Sparta, also called Lacedaemon, was a city in ancient Greece, and one of the most famous ancient Greek cities of the Peloponnesus. Found in the hills of Mount Taygetus many would consider was a brutal group of militaristic people. Although, this to some extent may be true most of the written information was derived from the ancient city-state of Athens, who were great enemies of the Spartan society. After the Messenian war the Spartan people moved into the Taygetus mountains and there they would set up what would eventually become the military government of Sparta.
Almost defeated, but maintaining the control of the territory the Spartans invented a new political system by turning their state into a military state. By making this dramatic change it in essence changed the everyday living styles of each individual living in the Spartan society. There were three classes of people in Sparta. Spartan citizens or Spartiate, or Native Spartan, who could trace is ancestry back to the original inhabitants of the city. Who lived in the city-state itself and, who alone had full political and legal rights and also having a voice in government, devoted their entire time to the military training.
The peroikoi, or “dwellers-round,” who lived in the surrounding village, were free but had no political rights. These were foreign people who served as a kind of buffer population between the Spartans and the helots. They were tradesmen and mechanics because occupations of the Spartans were forbidden. Because of their vital function in society, they were allotted a great deal of freedom. Most of the trade and commerce carried out in Sparta were preformed by the Perioeci. At the bottom was the lowest class that they called the helots.
They were agricultural serfs not much better than slaves. They worked small plots of land on estates owned by the Spartans, part of their produce went to the master of the estate, and the remainder was to the helot and his family. The helots lived a miserable life for they were laboring hard and treated poorly. The helots, whose marriages and children were not so strictly controlled by the state, were the largest class and hated their masters. The only reason that the helots stayed under the control of the Spartans was due to their strong military government that discouraged any rebellion.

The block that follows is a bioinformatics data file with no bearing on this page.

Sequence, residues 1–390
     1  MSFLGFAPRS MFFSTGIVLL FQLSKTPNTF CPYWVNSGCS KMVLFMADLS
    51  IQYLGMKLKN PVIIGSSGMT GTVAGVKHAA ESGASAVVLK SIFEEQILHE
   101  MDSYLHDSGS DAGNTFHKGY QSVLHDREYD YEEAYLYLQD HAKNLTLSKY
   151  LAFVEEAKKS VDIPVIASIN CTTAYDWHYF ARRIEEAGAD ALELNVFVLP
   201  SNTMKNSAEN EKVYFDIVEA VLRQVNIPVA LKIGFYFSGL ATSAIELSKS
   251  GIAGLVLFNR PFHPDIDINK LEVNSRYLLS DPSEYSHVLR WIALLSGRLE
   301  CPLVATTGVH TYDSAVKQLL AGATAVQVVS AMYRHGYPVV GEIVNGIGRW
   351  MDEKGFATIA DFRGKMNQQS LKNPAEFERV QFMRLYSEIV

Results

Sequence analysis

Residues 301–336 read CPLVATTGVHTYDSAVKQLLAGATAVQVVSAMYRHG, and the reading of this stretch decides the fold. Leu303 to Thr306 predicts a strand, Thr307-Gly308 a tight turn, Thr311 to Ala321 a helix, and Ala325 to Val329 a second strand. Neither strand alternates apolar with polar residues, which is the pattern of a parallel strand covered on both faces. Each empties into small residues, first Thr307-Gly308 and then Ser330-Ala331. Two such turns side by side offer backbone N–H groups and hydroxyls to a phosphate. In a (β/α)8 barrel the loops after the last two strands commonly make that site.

The Spartan government was an odd type of government, but it overwhelmingly was one of stability. The Spartans, in fact, had the most stable government in the history of ancient Greece. Two kings who ruled jointly as a dual monarchy headed the Spartan government. They serve as high priests and leaders in war. Each king acted as a check on the other. There was something comparable to a cabinet composed of five Ephors, or overseers, who exercised general guardianship over law and custom and in later times came to have an even greater power.
The legislative power was established in the assembly of Spartan citizens and in a senate, or counsel, of thirty elders consisting of the two kings and twenty-eight other men chosen from the citizens who had passed the age of sixty. Because the Spartan land system was another equally unconventional system. The Spartan homoios devoted themselves to the military, in return the government gave pay and rations a certain amount of land and enough helots to cultivate the land.
The government also provided a lord that was allotted a sufficient amount of natural products to support him and his family and to make the monthly contributions back to the government. It was the right of a citizen to obtain this land although he was not the absolute owner of the land, but he and the government owned the land. The Spartan government was founded on the principle that the life of every individual, from the moment of birth, belonged absolutely to the state. Due to the new government the society of Spartan changed in every aspect from the smallest baby to the eldest citizen.
The military and the city-state became the center of the Spartan existence. The state determined everything in Spartan citizens lives, including who would live and who would die. From the time that an infant was born the government decided their fate. At birth the child was inspected, both male and female, by a committee of the elders of the city-state. If the infant appeared weak or sickly the babies they ordered the infant to be left in the hills to die of exposure. By this practice Sparta hoped to ensure that only those who were physically fit would survive.
Exposing weak and sickly children was a common practice in the Greek world, but Sparta institutionalized it as a state activity rather than a domestic activity. Those babies that did survive were brought up in an odd way. The women did not bath babies with water, but instead with wine, making it a test of strength. They believed that the epileptic or sickly babies would lose control and go into convulsions, but the healthy ones were toughened and became stronger. They did not swaddle the babies, instead they would leave them free.